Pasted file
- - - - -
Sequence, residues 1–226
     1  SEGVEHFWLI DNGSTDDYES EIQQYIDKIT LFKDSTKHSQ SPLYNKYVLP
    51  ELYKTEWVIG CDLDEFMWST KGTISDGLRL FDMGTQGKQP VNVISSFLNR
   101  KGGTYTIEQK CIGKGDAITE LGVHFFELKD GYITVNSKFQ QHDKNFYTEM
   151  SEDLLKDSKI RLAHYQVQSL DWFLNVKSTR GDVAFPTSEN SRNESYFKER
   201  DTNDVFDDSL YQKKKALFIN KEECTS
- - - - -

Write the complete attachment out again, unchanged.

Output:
Sequence, residues 1–226
     1  SEGVEHFWLI DNGSTDDYES EIQQYIDKIT LFKDSTKHSQ SPLYNKYVLP
    51  ELYKTEWVIG CDLDEFMWST KGTISDGLRL FDMGTQGKQP VNVISSFLNR
   101  KGGTYTIEQK CIGKGDAITE LGVHFFELKD GYITVNSKFQ QHDKNFYTEM
   151  SEDLLKDSKI RLAHYQVQSL DWFLNVKSTR GDVAFPTSEN SRNESYFKER
   201  DTNDVFDDSL YQKKKALFIN KEECTS